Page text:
Although I strive for maturity, often I find myself acting more like a spoiled child or touchy teenager than a mature adult. As children, my sister and I often played ‘grown-up,’ each taking a turn at being the adult–the prized role in our drama.
I was certain I was growing up as I was getting older. However, many of us know those who grew older yet never grew up. It’s easy for us to identify people who never matured because we often bear the burden for their immaturity: The co-worker who never takes responsibility for mistakes. The neighbors who know-it-all yet display no evidence of this. Or the family members who make every gathering all about them.
On the other hand, we empathize with college students who struggle in their desire to be independent and mature, yet secretly long to become a carefree child again.
In my own life I’ve had to deal with the consequences of immature behavior. When I blame others or make excuses for my bad choices they see right through me, a sinking feeling develops in my stomach, and I know I’ve lost credibility. If I ask a child to tell someone I’m not at home so I can avoid a caller, I’ve taught a lesson that will take more than words to undo, and my immaturity haunts me. Even though I’m a Christian, it is still hard for me to be Christ-like. I want to grow up into His image, but my actions reveal I haven’t arrived yet.
My heart breaks, as I’m sure yours does, at the thought that the way I live my life could be a stumbling block to someone’s salvation. So how do we break the cycle we’re in and take steps towards maturity? My journey of discovery began in Hebrews. The writer defines maturity as eating the solid food of Scripture, not just the baby milk or easy stuff (6:1-2). It’s nice to say that God is love, but do we choose to show that trait when someone isn’t so lovely? Similarly, it’s wonderful to know we’re secure in our salvation and have the opportunity to share that great gift with others, but what about sharing the gospel with someone who “doesn’t deserve it”?
These are hard questions, not the questions of a child.
The Hebrew letter challenged the Jews who were looking for an easier way—one with fewer restraints—to mature by continuing to ‘taste’ of the Holy Spirit. The writer was making two points about growing up in Christ.
First, Real maturity comes by taking responsibility for our own spiritual growth. Click To Tweet That means taking a hard look at our failures, accepting responsibility where we can, and asking God to help us move forward from there. It means being honest in even the little things such as instructing our children how to handle a phone call when we are there but unavailable. These are the little choices we must make everyday. But consistently making good choices is only part of the equation.
The second point in Hebrews is that maturity in Christ means cooperating with the Holy Spirit so we can soak in His rain and produce a good crop (6:7-8). Hebrew farmers understood this principle. A field that produced good crops was one that had been tilled properly and was able to drink in the rain. On the other hand, a field that had become full of thorns and thistles had not been properly taken care of and, thus, required burning or purification of all the bad seed.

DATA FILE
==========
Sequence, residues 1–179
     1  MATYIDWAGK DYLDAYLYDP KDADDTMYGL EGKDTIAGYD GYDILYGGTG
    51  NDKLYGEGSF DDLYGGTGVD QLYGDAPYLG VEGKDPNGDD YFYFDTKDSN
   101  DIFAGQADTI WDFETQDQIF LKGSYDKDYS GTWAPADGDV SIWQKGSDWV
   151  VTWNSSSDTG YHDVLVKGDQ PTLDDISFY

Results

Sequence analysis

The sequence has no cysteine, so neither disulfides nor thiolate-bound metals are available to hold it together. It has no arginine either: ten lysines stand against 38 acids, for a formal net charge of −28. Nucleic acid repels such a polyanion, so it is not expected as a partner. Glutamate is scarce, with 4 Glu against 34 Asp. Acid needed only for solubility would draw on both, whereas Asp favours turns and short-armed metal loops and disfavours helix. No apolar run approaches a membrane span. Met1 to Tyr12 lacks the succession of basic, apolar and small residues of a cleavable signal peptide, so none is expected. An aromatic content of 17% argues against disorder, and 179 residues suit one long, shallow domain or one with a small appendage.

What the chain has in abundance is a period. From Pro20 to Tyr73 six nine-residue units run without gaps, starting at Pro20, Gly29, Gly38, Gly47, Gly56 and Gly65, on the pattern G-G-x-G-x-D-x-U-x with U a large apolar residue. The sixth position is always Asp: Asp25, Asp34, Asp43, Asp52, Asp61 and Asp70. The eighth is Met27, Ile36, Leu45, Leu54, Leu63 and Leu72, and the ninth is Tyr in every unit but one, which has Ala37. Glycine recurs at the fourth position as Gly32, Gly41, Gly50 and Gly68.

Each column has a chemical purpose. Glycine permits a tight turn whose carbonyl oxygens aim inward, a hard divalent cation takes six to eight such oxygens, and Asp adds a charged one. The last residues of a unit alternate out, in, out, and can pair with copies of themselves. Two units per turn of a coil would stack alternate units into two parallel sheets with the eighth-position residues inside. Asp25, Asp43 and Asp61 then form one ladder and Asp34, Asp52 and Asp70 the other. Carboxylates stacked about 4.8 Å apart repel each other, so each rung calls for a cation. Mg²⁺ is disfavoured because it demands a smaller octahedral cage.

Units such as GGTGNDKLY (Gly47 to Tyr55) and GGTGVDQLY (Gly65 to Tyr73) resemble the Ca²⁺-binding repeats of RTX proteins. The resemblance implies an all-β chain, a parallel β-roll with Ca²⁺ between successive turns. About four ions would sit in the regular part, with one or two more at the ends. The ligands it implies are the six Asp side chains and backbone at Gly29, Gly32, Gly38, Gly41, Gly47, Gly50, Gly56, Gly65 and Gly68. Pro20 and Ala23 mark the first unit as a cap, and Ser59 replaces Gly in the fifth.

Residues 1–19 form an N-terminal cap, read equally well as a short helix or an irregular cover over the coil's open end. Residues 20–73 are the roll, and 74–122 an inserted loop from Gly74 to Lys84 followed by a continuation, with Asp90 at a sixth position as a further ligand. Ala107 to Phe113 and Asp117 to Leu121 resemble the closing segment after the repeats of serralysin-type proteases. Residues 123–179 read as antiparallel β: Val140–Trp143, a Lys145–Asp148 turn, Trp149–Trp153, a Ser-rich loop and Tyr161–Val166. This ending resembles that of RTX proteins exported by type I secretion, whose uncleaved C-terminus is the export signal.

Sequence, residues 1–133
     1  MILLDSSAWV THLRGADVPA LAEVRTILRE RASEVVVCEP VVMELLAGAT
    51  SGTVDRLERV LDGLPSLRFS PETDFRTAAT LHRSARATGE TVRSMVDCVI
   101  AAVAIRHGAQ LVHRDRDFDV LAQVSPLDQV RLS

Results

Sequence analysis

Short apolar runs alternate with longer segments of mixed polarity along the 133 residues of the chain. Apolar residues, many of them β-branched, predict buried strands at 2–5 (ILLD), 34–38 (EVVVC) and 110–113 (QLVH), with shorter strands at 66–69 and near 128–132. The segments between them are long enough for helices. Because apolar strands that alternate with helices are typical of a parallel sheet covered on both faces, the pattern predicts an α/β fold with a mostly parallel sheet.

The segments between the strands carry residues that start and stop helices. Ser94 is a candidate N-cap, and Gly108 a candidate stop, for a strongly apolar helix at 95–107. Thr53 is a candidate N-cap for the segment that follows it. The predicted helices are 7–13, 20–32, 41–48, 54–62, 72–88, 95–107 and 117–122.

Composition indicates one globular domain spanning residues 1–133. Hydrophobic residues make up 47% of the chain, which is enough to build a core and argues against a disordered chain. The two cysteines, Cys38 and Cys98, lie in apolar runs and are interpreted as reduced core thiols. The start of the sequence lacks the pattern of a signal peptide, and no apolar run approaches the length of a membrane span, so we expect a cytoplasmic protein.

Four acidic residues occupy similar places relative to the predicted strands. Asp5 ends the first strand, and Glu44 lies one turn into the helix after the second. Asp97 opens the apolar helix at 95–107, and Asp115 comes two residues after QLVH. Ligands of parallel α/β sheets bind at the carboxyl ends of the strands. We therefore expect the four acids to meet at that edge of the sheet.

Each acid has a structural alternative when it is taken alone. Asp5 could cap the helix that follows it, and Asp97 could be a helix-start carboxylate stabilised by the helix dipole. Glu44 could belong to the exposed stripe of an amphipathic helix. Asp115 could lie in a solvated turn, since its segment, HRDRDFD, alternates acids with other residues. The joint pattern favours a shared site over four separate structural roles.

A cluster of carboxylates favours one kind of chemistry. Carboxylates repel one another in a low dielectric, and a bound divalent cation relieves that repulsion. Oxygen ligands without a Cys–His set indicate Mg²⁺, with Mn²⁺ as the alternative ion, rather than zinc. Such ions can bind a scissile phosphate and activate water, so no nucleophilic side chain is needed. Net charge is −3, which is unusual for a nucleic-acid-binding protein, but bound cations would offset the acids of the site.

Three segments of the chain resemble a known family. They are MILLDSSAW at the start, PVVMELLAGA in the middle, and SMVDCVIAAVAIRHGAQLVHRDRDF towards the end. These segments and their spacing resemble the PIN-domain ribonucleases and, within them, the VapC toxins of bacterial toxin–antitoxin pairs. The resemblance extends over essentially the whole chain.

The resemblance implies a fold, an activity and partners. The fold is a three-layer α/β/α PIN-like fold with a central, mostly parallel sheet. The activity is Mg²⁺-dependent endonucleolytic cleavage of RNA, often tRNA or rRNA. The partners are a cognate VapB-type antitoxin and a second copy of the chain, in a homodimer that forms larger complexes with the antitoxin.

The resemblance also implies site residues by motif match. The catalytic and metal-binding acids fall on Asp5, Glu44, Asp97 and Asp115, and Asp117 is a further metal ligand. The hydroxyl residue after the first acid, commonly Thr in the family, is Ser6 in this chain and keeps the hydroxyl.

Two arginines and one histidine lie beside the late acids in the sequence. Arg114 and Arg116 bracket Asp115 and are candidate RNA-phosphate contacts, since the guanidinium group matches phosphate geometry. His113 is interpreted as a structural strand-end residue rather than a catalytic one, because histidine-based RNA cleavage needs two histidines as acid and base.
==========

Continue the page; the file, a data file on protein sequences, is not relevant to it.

In using this analogy to describe the mature Christian life, Hebrews is painting a clear picture of contrast. A life constantly tilled by going beneath the surface to reveal changes needed in the depths of our hearts, is bringing the hidden into the light and will produce a surface that God can water. Going to church and reading our Bible is a good beginning, but it won't get us beneath the surface until we ask God to reveal what needs changing. Click To Tweet
A life that looks good on the surface but isn't undergoing the hard work of maturity mature under that surface, is going to produce thorns and thistles. Click To Tweet Such a land is not receptive terrain for God’s thirst-quenching Spirit. If we find our lives filled with thorns and thistles: prickly behavior, harsh words, and thorny thoughts, we must first begin anew by setting fire to our fields, recognizing our refusal to grow up or put away these childish things as the sin that it is.
I’m still learning what it means to be a mature person in Christ. But now, when I lose my temper or say things I shouldn’t, when I’m brought through a trial and find myself wanting, I invite the Holy Spirit to come purify my soul. He remakes me anew, turning the ashes of my sin into nourishment for my soul so I might have a prized role in His earthly drama … a vessel worthy of His Name. He promises the same for you.
Let’s talk about this! How often do you sit with God, asking Him to search your heart and reveal areas in need of purging? What areas are you withholding from Him? In what ways are you keeping Him at an emotional distance or perhaps ignoring His voice and prompting? Or, perhaps you’re in the “tilling phase.” Can you share how God is working in you to make you more like His Son?
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